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Working with BeagleBone Black Hardware

This example shows you basics of working with BeagleBone Black® Hardware.

Introduction

BeagleBone Black is a single board, credit-card size computer that can run Linux®. BeagleBone Black hardware has low-level interfaces intended to connect directly with external devices such as A/D converters, sensors, motor drivers, etc. You can take advantage of these low-level interfaces to develop meaningful real-world applications. The BeagleBone Black support package includes MATLAB command-line interfaces to communicate with external devices connected to BeagleBone Black hardware. You can, for example, turn a LED connected to one of the GPIO pins on or off or sense the position of a push button from the MATLAB command prompt.

Most of the low-level interfaces of BeagleBone Black hardware are not plug-and-play. To use these low-level interfaces, you must have a sound understanding of basic electrical concepts. If you mis-wire a GPIO pin, for example, you risk damaging a GPIO pin, and, in some cases, your entire BeagleBone Black hardware.

This example is intended to familiarize you with low level interfaces of the BeagleBone Black hardware, establish sound practices for wiring and connections when working with external electrical components and use MATLAB command-line interface for BeagleBone Black hardware to control simple devices like LEDs and push buttons.

Prerequisites

Required Hardware

To run this example, you need the following hardware:

  • BeagleBone Black hardware

  • Breadboard and jumper cables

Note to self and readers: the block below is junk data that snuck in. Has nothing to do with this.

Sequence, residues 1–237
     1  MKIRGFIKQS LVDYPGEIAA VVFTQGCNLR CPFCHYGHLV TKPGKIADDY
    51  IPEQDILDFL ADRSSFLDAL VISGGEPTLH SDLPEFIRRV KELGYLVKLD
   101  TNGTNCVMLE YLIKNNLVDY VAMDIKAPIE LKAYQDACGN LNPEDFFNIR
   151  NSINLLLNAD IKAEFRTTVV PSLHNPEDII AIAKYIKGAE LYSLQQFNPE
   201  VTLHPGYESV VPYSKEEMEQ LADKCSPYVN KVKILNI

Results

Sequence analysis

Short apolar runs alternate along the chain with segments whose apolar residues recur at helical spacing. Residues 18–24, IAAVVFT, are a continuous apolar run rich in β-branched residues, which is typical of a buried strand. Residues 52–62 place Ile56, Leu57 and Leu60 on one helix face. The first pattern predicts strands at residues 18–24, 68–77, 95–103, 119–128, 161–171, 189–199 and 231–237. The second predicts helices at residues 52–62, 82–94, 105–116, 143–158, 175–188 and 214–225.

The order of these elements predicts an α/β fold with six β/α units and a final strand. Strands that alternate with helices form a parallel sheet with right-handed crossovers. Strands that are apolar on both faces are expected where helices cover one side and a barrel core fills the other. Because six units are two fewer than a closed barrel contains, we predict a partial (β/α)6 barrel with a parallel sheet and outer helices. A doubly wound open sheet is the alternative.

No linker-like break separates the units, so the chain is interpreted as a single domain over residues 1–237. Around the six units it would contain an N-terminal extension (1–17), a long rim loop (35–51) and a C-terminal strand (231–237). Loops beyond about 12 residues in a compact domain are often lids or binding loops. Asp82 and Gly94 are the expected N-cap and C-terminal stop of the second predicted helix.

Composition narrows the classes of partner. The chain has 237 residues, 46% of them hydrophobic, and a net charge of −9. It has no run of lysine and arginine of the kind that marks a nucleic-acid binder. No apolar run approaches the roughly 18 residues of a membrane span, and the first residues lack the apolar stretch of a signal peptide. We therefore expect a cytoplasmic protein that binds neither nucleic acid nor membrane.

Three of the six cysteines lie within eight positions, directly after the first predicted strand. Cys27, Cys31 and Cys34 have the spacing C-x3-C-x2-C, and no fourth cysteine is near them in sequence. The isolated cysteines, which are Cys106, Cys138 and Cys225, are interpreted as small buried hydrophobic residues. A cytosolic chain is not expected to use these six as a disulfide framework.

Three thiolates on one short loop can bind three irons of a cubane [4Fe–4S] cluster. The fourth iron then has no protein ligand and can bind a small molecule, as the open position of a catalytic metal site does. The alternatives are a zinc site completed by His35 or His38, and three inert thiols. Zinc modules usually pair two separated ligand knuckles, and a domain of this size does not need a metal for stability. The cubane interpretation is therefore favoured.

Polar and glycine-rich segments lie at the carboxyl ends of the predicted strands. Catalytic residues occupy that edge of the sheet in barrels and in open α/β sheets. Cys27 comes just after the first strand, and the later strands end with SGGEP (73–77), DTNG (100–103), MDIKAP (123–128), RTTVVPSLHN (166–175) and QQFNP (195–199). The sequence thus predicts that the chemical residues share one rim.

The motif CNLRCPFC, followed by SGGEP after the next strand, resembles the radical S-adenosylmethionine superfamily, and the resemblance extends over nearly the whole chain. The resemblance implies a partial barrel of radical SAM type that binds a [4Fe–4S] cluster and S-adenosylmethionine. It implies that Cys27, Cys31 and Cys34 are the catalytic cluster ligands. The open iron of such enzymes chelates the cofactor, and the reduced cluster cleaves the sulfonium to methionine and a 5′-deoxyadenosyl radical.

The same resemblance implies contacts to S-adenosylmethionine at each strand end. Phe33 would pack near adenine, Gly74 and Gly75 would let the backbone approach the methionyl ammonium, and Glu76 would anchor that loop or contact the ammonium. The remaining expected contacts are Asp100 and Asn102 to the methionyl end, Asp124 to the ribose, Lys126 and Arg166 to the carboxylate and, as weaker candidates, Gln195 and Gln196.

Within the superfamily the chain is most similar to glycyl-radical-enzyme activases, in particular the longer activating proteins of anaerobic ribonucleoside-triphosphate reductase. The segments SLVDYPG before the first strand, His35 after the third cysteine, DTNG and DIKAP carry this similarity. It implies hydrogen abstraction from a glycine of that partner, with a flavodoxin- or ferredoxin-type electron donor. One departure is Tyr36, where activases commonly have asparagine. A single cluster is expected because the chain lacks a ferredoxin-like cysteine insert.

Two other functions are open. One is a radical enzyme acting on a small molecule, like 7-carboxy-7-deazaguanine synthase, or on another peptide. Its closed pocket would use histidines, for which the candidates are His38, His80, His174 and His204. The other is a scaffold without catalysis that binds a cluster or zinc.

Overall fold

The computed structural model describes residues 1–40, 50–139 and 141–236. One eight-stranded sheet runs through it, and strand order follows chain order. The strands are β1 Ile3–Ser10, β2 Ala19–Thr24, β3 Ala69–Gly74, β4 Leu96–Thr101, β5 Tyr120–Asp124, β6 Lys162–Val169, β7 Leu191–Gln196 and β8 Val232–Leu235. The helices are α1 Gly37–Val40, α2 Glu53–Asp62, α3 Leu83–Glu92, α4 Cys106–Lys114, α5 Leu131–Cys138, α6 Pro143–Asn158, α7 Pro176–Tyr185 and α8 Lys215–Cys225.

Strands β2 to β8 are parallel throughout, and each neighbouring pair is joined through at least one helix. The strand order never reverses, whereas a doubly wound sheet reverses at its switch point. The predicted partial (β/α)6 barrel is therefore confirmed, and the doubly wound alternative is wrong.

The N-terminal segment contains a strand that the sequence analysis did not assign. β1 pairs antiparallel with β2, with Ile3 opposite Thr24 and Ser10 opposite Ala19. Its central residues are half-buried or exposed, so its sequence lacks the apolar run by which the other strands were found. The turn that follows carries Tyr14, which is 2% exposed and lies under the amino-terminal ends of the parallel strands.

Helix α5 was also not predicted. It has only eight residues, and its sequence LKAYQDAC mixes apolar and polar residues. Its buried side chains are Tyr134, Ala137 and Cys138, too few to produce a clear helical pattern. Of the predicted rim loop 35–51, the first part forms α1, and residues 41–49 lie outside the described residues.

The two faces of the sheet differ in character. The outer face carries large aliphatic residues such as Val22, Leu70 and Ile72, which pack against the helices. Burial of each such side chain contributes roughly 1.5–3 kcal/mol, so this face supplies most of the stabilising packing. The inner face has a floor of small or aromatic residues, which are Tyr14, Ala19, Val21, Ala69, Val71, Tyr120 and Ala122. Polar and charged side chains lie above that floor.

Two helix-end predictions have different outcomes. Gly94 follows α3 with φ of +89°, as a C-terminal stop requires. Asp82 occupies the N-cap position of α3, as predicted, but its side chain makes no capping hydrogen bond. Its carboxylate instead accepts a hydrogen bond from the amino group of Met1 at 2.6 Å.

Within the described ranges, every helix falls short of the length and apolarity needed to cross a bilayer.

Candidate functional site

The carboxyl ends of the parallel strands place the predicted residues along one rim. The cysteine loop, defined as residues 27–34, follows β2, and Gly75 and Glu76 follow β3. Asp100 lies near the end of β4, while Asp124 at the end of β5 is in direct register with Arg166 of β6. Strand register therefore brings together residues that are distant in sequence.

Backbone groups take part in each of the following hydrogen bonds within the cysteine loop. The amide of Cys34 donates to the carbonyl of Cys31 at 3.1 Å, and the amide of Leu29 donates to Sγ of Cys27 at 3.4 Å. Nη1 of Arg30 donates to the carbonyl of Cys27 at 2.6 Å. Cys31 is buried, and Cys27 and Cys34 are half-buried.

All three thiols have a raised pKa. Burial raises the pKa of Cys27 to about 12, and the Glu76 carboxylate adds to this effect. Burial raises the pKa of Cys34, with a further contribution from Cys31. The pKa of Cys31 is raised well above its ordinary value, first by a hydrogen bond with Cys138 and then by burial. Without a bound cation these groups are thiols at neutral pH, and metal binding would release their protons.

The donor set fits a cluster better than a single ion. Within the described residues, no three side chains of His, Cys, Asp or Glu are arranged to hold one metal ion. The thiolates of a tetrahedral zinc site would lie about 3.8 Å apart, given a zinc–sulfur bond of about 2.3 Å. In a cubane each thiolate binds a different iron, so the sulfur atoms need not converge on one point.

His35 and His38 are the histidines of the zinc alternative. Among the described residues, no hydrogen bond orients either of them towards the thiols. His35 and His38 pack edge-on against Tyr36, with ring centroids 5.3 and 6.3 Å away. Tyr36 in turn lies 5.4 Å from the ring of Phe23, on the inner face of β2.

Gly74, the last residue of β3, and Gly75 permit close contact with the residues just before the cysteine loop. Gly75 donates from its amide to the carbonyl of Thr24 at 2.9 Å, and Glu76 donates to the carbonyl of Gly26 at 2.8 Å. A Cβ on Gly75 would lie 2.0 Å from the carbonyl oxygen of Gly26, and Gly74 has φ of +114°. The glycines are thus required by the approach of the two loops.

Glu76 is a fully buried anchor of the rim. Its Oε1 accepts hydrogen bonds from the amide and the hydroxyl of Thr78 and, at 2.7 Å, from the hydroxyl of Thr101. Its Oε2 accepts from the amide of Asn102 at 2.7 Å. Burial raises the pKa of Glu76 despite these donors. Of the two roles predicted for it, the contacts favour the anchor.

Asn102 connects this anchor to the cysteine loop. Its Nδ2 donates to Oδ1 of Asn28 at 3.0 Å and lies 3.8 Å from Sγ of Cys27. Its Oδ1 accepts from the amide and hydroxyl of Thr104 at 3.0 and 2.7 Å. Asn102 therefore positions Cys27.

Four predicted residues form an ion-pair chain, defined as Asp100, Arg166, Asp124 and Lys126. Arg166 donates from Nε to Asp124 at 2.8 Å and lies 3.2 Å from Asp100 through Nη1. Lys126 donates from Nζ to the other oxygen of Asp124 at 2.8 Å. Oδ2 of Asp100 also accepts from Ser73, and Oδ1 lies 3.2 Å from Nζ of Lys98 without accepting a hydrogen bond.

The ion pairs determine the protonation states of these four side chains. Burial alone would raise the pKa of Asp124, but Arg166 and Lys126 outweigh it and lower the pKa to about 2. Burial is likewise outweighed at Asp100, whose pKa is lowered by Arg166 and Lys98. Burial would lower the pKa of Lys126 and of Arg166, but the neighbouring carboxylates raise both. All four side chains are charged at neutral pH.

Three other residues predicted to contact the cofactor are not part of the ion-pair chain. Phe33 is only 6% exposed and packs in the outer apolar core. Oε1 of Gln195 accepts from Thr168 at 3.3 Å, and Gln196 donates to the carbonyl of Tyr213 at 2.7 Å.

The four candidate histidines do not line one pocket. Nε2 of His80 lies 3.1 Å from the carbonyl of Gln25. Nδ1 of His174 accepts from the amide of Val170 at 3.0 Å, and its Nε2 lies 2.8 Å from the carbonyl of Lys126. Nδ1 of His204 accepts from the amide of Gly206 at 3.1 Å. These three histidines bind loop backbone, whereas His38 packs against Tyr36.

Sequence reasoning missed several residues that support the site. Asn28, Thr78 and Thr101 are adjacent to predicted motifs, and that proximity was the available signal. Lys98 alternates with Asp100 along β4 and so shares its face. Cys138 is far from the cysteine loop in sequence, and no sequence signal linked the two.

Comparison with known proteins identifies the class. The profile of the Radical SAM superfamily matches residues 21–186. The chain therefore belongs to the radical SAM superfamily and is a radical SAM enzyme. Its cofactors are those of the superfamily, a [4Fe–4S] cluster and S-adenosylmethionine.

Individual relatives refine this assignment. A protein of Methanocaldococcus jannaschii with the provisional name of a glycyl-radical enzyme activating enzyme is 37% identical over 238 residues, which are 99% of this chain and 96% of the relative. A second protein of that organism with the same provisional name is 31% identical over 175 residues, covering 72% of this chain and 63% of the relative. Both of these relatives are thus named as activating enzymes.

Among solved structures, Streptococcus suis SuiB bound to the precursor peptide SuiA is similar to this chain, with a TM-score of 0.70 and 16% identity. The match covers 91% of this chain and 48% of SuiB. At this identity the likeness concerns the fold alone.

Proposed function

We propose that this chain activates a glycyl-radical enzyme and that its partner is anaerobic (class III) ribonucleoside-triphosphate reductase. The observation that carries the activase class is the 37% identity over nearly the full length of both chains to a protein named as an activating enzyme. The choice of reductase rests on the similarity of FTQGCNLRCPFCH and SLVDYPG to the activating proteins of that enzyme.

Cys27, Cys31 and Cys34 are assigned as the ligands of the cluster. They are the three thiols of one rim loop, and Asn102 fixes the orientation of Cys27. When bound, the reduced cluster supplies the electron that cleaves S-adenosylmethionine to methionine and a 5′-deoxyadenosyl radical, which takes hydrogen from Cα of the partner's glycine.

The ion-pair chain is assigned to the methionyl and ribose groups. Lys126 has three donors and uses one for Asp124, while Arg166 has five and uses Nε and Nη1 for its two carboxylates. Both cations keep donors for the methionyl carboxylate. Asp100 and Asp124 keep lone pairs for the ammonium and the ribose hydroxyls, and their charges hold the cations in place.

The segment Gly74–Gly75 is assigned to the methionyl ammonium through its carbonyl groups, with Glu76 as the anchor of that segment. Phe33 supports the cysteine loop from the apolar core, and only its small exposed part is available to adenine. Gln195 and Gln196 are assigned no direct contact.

• Red LED

  • 330 Ohm, 1 kOhm and 10 kOhm resistors

  • A push button or switch

Overview of BeagleBone Black Hardware

In addition to USB, Ethernet and HDMI, the BeagleBone Black hardware has expansion headers that offer general purpose digital I/O, analog input, PWM, SPI, I2C and UART.

BeagleBone Black hardware have two expansion headers, P8 and P9. Each pin of the expansion headers can be configured and used for different functionalities. To see the current pin map of your BeagleBone Black hardware, use showPins() method of beaglebone object. To see all the possible pin map, use showAllPins() method.

bbb = beaglebone;
showPins(bbb);
showAllPins(bbb);

The GPIO pins use 3.3 volt logic levels and are not 5 volt tolerant. There is no over-voltage protection on the CPU chip.

You can power external components using 3.3 volt and 5 volt power pins on the expansion headers. The maximum permitted current draw from the 3.3 volt pins is 50 mA.

Best Practices and Restrictions

  • Do not connect electrical components to BeagleBone Black expansion headers while BeagleBone Black hardware is running. If you want to connect an electrical component, turn off your board first. Instructions for turning off you board are provided below.

  • BeagleBone Black pins use 3.3 volt logic levels. Do not connect devices using 5 volt logic levels directly to the BeagleBone Black pins.

  • Use logic level converters when interfacing devices using 5 volt logic levels to BeagleBone Black hardware.

  • Do not short a GPIO pin configured as digital output.

  • Do not short 5 volt power pins to any other pin on the expansion header. Be extremely careful when working in the vicinity of 5 volt power pins.

  • Do not touch bare expansion header pins while BeagleBone Black hardware is on. You can accidentally short some of the pins.

Turning Your BeagleBone Black Hardware On and Off

BeagleBone Black runs a Linux operating system. Turning off the power can result in operating system corruption. To turn off your board, first shut down the Linux operating system by executing the following:

system(bbb, 'sudo shutdown -h now');